A Palm of Protein, A Fist of Veggies
The way to do this is by planning and preparing healthy meals in advance. Every meal should have at least a palm-sized portion of protein and a fist-sized portion of veggies. This is simple to eyeball when you’re preparing meals in bulk. Reducing the ratio of sugar and refined carbs in your diet and replacing those calories with protein and healthy fats will control your hunger better and make you less prone to mindless snacking and overeating.
Stop Chasing Calories With Exercise
Do you think you should exercise to burn calories? Think again. Research shows that the calories burned by exercise are quickly replaced by more calories, but that doesn’t mean that exercise is useless for weight loss. On the contrary, exercise can increase your resting metabolism, known by the scientific acronym “NEAT” (non-exercise activity thermogenesis), which means you will burn more calories while sitting at your desk, driving your car, even while sleeping! If you have a busy life you’re in luck – new research has revealed that tiny micro-workouts of as little as 1 minute of intense exercise a few times a week can give you the same benefit as suffering through hours of soul-crushing boredom at the gym.
Eating Over The Sink
Do you eat standing in front of an open fridge? Or over the kitchen sink? Do you stuff the last few fries from the bottom of the bag into your mouth regardless of how soggy, greasy, and unappetizing they look? Do you eat cookies, cereal, or ice cream out of the bags, boxes, or buckets they were packaged in?
These are all mindless eating practices and according to researcher Brian Wansink, we can all very easily reduce our calorie intake by 20-40% with a few simple practices that make us more mindful of what and how much we are eating.
Bag It Up
The first simple step is to buy some small sandwich-sized clear slider-zipper baggies. The ones with the actual slider (not the ziplock type) work best because they are quick to open and close and you can always tell when they’re fully closed so your food stays fresher. When you get home from shopping take all snack foods, including fruits and nuts out of their original packaging and divide them into the small baggies. It doesn’t really matter how full you make them because research demonstrates that we eat less when we dispense food from smaller containers. Also when you’re eating from a small baggie, the extra work and motivation required to get up and grab another one serves to inhibit bingeing on the whole box, which – let’s face it – we’ve all done.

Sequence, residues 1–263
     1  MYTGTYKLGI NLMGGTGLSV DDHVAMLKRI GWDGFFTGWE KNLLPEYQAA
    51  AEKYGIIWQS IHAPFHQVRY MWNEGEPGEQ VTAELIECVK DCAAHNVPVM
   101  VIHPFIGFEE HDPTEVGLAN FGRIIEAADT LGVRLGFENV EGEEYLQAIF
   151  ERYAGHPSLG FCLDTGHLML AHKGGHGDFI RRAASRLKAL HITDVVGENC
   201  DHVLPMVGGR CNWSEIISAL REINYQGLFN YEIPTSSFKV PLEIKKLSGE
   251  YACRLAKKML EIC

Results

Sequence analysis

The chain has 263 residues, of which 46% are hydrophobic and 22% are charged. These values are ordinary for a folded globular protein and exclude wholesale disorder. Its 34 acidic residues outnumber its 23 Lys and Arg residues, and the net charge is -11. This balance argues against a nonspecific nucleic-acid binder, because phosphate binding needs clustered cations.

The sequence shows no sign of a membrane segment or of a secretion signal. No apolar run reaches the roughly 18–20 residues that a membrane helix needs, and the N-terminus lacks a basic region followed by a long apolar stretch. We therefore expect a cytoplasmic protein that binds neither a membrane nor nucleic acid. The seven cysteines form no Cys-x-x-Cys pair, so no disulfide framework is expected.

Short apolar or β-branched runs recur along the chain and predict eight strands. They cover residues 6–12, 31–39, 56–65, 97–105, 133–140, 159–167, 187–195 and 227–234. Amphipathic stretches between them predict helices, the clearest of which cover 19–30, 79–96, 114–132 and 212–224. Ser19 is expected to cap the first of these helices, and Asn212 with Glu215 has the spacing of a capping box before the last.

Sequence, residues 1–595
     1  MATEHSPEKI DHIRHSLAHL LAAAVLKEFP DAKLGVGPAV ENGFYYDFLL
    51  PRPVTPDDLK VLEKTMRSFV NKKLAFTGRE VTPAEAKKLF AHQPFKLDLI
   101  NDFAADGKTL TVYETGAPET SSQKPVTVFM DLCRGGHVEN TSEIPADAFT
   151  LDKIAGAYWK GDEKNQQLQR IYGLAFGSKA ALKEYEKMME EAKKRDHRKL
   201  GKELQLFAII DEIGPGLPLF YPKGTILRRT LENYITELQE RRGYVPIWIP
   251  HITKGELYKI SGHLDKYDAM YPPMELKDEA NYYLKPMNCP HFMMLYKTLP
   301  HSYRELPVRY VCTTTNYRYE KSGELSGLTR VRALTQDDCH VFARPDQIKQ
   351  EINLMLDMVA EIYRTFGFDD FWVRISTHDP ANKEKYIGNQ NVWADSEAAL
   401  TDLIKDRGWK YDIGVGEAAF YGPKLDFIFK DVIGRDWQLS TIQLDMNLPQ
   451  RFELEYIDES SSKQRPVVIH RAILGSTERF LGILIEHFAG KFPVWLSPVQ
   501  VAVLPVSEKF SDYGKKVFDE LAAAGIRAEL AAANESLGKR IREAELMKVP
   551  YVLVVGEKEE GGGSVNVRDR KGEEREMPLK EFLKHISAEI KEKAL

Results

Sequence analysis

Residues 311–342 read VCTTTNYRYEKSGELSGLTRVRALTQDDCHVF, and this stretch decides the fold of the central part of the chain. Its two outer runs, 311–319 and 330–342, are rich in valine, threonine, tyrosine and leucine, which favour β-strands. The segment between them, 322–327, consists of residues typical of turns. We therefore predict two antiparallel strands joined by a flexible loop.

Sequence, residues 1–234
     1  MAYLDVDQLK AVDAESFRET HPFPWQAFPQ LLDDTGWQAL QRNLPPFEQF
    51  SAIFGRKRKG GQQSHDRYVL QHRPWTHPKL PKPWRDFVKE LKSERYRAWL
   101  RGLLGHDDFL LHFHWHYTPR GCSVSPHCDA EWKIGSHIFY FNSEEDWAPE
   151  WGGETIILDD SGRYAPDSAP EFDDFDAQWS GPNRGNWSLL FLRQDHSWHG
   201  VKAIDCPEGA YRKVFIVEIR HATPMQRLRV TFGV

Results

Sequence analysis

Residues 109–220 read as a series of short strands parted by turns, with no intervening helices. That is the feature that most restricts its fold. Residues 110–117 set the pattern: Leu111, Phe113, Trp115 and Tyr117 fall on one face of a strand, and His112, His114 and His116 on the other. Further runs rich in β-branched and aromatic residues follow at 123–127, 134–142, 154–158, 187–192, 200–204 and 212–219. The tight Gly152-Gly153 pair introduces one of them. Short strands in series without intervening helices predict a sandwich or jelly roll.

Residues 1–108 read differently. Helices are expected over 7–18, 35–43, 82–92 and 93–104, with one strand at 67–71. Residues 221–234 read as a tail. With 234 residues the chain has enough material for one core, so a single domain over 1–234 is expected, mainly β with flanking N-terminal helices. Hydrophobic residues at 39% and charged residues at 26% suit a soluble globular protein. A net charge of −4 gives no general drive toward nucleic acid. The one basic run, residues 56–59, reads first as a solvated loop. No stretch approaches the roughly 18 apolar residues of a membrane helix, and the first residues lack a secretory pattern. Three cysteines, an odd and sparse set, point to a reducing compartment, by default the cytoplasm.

What You See Is What You Eat
The Next step is to carefully position these baggies of snacks – healthy snacks like nuts and fruits in front of the shelf and at eye level, and put cookies and chocolates in the back and high up or low down. When you store leftovers in the fridge, cover the healthy ones like tuna, veggies, and salads with clear plastic wrap and place them at eye level. Cakes and pies get wrapped in foil and placed in the back.
Small Plate – Lose Weight
Instead of standing up and noshing in front of the fridge or over the sink, put your snack on a small plate and sit down to eat it, preferably with utensils. Research also shows that you will eat less from a small plate, especially one whose color contrasts sharply to the food on it.
We’ve all had the experience of eating until we are full, only to feel uncomfortably stuffed 20 minutes later. This is because there is a 20-minute delay in communication between the stomach and the brain. The way to overcome this obstacle is by teaching yourself the Japanese art of “Hara Hachi Bu” which means eating until you are 80% full. This might sound difficult at first but here is a simple step-by-step:
- Sit down to a meal when you’re hungry
- Eat as slowly as possible (remember the 20-minute stomach-to-brain delay)
- Notice when you are still enjoying the meal but the hunger is gone
- Notice when you are just starting to feel stomach pressure (imagine another bite, will it make you feel better or worse?) this is the 80% full threshold
- Notice when you are stuffed (another bite and you will explode)
Woo-Hoo! You are now a Hara Hachi Bu Master! You have established 3 thresholds: hunger-gone, stomach pressure, and stuffed. It may take you 20 meals or so to get used to these sensations but try finding a sweet spot somewhere between hunger-gone and first stomach pressure. This can translate into a weight loss of a pound a week or more, again without counting a single calorie or setting foot in a gym or on a scale.
What are you waiting for? Get Started!